Statistics, by cooking the books, say that Australia’s unemployment is at 8.6 per cent, or just under one million people. If we disregard that one hour’s work a week classifies a person as employed, then the figure is really between 1.5 million and 1.9 million unemployed. This is a crisis that recent governments have ignored because of a lack of will. We are regarded as a Third World country with First World living conditions. We have one of the highest interest rates in the world, and we owe more money per capita than any other country. All we need is a nail hole in the bottom of the boat and we’re sunk. 
In this paper, I want to use the appeal of Pauline Hanson’s One Nation Party as a point of departure to reflect on the idea of liberal democracy  and equality. As the One Nation Party teaches us here in Australia, ‘popular’ resistance to the two party system does not necessarily make it ‘popular’ with the population at large and, without a doubt, not with intellectual critics. Why is this so?
The Pauline H. phenomenon might be a good example to call into question the wisdom of a free public space opened to all individuals. I want to argue—in contrast to the commonly agreed analysis of the One Nation Party as an irrational eruption of dark feelings within the community—that we can see it as a possibility for the opening up of the political space. I want to claim that the appeal of the One Nation Party is not only because of its racist strategy—which clearly is a part of its attraction—but, rather, the One Nation Party’s appeal is also because it represents an alternative economic model of the management of the state which two main parties do not provide. In order to understand my claim, I will outline the liberal concept of the state and its critique and Aristotle’s model concerning the political.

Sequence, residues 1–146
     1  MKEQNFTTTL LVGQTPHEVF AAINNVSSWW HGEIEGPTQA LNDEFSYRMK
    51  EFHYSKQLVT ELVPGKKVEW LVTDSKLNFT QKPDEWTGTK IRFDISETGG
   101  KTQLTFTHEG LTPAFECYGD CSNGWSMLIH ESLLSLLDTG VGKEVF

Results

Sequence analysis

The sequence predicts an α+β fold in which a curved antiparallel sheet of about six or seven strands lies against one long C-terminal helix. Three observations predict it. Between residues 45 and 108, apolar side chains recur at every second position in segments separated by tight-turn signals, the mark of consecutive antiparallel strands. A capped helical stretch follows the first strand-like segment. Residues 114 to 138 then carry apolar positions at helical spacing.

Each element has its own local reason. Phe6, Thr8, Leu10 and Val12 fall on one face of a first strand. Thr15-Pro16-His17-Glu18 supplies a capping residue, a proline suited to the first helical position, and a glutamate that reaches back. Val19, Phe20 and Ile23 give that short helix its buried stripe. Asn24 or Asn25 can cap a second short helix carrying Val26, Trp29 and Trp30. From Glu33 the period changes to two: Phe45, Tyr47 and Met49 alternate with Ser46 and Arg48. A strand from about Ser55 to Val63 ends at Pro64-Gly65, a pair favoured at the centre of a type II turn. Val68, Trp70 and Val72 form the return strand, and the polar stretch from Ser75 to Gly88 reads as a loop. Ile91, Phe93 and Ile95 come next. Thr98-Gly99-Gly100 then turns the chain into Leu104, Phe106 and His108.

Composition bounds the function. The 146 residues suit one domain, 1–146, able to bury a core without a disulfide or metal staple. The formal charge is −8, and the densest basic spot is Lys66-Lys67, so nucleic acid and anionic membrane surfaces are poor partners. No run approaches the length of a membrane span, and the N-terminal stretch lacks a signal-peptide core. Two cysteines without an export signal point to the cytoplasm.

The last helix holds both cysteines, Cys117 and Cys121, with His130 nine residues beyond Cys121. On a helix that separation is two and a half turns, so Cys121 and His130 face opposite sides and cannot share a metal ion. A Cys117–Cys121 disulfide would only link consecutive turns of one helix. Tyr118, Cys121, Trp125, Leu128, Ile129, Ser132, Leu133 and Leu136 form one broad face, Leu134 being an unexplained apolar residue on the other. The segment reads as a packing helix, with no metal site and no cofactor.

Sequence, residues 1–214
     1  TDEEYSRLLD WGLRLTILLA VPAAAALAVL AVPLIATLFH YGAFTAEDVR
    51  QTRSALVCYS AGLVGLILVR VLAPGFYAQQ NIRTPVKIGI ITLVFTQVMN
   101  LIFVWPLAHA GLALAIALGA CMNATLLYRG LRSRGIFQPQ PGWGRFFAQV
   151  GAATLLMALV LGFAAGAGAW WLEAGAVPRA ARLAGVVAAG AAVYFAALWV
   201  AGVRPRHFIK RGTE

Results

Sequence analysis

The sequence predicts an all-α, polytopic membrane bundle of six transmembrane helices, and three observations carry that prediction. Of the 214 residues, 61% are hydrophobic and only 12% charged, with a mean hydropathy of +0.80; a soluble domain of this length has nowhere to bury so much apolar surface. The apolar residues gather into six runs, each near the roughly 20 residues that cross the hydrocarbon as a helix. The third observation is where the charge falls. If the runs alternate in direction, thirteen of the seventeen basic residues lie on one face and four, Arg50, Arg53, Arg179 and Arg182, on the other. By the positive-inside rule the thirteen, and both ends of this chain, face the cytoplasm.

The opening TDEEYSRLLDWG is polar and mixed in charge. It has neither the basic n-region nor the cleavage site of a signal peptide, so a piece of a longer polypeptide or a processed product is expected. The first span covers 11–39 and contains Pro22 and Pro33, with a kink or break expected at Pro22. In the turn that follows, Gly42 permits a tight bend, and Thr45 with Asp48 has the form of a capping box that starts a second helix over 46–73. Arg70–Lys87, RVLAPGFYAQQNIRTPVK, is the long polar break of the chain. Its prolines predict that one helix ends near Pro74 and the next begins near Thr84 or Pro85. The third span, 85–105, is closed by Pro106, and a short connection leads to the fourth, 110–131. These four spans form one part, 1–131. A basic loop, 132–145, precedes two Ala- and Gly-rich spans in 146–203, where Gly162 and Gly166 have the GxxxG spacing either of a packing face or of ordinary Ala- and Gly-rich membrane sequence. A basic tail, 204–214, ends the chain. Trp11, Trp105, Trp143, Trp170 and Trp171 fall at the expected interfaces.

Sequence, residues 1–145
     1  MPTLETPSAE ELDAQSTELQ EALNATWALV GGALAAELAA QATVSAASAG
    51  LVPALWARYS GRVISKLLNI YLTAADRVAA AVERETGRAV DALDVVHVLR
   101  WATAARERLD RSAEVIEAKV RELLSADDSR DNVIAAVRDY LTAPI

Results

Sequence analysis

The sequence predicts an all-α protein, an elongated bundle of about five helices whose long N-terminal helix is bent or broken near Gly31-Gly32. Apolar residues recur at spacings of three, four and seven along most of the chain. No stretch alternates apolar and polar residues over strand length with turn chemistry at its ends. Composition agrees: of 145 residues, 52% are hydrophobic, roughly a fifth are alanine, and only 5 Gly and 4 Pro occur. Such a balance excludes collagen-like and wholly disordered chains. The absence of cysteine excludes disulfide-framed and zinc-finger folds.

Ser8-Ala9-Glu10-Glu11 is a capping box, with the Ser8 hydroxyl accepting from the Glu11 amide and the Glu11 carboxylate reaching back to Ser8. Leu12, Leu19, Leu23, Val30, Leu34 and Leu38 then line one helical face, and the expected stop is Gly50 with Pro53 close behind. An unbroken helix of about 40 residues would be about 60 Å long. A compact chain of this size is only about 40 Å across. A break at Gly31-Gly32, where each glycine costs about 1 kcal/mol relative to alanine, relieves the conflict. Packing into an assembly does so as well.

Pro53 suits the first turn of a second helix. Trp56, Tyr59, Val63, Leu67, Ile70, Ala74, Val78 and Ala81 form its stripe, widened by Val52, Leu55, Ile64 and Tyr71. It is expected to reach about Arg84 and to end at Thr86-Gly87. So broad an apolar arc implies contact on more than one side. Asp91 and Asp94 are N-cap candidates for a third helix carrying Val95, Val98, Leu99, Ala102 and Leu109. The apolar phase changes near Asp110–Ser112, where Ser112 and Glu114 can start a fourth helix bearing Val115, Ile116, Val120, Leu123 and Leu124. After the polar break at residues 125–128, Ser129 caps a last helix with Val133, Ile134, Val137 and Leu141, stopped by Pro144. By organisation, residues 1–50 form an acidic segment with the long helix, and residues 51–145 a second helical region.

Bobbio, Norberto. Liberalism and Democracy. Trans. Martin Ryle and Kate Soper. London, New York: Verso, 1990.
Hanson, Pauline. Maiden Speech. 10 October 1996. Internet. One Nation Party. Available: http://www.onenation.com.au/. Accessed 8 August 2001.
 (Hanson, 1996).
 According to some writers, the idea of liberal democracy is a misnomer, since the notion of democracy is in opposition to the idea of liberalism in its classical meaning. See, for example, (Bobbio, 1990: 1). “The existence at the present time of regimes referred to as ‘liberal-democratic’ or ‘democratic-liberal’ suggests that liberalism and democracy are interdependent. In reality, however, the relationship between the two is very complex and by no means one of continuity or identity. In the commonest usage of the two terms, ‘liberalism’ denotes a particular conception of the state, in which the state is conceived as having limited powers and functions, and thus as differing from both the absolute state and from what is nowadays called the social state; ‘democracy’ denotes one of many possible modes of government, namely that in which power is not vested in a single individual or in the hands of a few, but lies with everybody or rather with the majority” (Bobbio, 1990: 1).